Here’s our April Q&A with QLD’s Alissa Gabriel

Alissa-Gabriel

Here’s our chat with Australia’s Bacardi Legacy winner, Alissa Gabriel, from the April issue. The global finals take place this week in Sydney, with competitors from around the world in town for the competition.

We interviewed Gabriel when she was fresh off the stage from her victory to find out what it feels like to be representing Australia in one of the world’s big grand slam cocktail competitions on home turf. Check it out and get behind her and her drink in the lead up to the global final.

How does it feel?
I’m still in shock, I’m so overwhelmed, and I honestly wasn’t expecting it. The competition that I went up against today – they’re all so amazing, and it’s a fantastic experience.
I honestly didn’t think I was going to win — it’s not because I didn’t have confidence in my drink, or my story, but because I had so much confidence in everyone else!

What’s the inspiration for your drink?
My drink was inspired by Jose Leon Bouteiller who was a French confectioner and distiller, and he lived in Santiago — this is before Bacardi was actually producing rum. And he was renting a house from the Bacardi family, so when Don Facundo found out there was a man renting a house from him that had a pot still and knew how to make spirits, they obviously started talking together about the process behind distillation and together they actually formed the Bacardi company. Before the name changed and Bouteiller retired it was called Bacardi Bouteiller and Compania.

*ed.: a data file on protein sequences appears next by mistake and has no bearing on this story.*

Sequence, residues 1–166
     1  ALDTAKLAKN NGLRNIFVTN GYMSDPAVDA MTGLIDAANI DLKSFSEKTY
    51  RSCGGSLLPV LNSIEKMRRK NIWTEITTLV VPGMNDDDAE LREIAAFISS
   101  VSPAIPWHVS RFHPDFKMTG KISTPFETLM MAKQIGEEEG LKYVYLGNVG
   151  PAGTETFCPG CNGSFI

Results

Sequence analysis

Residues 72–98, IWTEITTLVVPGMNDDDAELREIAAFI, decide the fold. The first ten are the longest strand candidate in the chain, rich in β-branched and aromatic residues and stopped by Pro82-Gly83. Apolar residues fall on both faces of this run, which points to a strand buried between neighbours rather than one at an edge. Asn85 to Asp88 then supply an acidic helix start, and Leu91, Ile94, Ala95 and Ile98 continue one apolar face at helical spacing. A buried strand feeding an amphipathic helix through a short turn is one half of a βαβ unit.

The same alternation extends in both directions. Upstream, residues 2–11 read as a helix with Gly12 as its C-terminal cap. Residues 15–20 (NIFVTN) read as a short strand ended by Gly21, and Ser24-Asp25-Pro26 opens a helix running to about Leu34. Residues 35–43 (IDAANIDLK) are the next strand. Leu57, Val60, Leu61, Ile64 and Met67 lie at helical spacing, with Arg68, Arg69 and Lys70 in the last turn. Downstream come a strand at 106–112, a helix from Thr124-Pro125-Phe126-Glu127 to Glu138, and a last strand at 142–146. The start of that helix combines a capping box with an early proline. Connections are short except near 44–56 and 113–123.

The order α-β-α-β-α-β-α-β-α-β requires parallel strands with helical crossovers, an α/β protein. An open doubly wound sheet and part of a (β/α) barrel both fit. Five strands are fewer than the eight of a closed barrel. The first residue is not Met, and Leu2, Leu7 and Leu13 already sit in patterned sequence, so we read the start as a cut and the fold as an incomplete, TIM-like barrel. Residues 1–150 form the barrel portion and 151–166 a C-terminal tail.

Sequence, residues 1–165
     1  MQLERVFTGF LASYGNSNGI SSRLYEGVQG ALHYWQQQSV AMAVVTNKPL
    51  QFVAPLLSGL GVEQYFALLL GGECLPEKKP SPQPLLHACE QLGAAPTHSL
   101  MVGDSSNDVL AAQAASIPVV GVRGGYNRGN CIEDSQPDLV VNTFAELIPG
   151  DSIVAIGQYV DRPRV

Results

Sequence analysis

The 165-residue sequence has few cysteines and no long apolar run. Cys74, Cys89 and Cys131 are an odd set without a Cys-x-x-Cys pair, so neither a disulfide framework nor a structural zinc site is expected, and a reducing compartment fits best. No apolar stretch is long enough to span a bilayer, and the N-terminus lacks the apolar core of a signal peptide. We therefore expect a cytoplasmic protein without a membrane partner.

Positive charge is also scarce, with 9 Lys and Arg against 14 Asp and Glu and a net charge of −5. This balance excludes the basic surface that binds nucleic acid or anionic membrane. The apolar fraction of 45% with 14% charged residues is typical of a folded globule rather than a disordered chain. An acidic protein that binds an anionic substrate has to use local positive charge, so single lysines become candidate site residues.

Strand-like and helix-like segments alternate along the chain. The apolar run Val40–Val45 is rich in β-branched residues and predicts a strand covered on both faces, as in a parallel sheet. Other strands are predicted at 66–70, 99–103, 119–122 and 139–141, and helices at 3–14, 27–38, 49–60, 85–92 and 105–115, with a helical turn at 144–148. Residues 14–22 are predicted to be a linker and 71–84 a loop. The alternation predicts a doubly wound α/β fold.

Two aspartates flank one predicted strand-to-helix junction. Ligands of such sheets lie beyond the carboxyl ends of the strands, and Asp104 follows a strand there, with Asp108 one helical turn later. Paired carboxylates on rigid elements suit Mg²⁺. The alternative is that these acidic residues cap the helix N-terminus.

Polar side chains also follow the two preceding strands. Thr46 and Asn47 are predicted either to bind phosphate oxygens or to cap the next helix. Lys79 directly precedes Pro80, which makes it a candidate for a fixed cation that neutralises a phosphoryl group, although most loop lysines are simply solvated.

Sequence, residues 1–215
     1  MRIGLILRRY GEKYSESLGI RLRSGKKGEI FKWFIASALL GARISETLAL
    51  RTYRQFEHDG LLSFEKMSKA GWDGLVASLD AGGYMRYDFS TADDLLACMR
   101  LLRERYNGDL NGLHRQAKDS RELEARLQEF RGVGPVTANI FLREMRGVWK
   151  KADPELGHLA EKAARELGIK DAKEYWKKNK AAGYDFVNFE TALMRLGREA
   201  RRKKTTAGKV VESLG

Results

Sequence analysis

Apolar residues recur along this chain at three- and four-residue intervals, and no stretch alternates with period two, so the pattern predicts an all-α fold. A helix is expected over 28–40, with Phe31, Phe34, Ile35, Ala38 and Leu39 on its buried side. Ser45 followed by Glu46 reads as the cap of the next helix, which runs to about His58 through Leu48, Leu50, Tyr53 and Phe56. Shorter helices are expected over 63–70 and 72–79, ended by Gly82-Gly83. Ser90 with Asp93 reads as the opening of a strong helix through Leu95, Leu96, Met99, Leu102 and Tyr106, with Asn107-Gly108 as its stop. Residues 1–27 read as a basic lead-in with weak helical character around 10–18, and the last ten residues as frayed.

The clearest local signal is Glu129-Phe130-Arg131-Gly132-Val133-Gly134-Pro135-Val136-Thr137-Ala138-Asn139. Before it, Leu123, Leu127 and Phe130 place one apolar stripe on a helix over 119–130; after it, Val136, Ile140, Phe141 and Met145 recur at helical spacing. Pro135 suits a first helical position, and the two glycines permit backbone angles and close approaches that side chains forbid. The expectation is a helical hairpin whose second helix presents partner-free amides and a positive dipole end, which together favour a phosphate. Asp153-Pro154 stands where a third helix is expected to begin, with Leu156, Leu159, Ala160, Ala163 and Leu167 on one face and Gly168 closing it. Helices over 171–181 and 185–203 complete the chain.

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How did you find out about that?
When I read Bacardi and the Long Fight for Cuba, that gave me less than a paragraph of information. From what I read there I went deeper into it. There’s not much information but between the thirty articles I read, what touched me was that this relationship was such a deep part of the history, about the helping hand — that’s what it was all about for me. It wasn’t about Bouteiller, even though I named my drink after him. It was more about the concept that everyone needs to ask for help at some point. Facundo asked for help, and Bacardi may not be here today if he didn’t.

So what are you going to do now in the lead up to the global finals? It’s a big deal.

There’s a lot more pressure considering the fact that it is in Australia. And as much as I’d love to fly to another country, having that home ground advantage means that I think I’m going to have so much more support from the Australian bartending industry and it’s such an amazing group. I know in Brisbane, we’re all so tight — they got behind me 110% and supported me the whole time.

What would you say to get other Aussie bartenders behind you?
Honestly if I go up to someone, and if they don’t know my drink, I’ll give them the spiel. I’ll give them the Bouteiller’s falernum, I will tell them the story and then if I have to go to every bar in Australia, then that’s what I’ll do.

the-bouteiller

The Bouteiller

45ml Bacardi Oro
10ml Falernum
15ml Noilly Prat Dry Vermouth
2 dashes of Peychaud’s
Green Chartreuse rinse

Rinse a rocks glass with Chartreuse. Add Bacardi Oro, Noilly Prat, falernum and Peychaud’s Bitters to a mixing glass. Stir until chilled. Strain into a crystal rocks glass over block ice. Garnish with a lime twist and serve.

“It’s more about the rum and the falernum – the Peychaud’s and the Chartreuse only add a small aspect to the drink. Considering how boozy it is, and how when you taste it, you don’t expect that [it’s] boozy,” said Gabriel.

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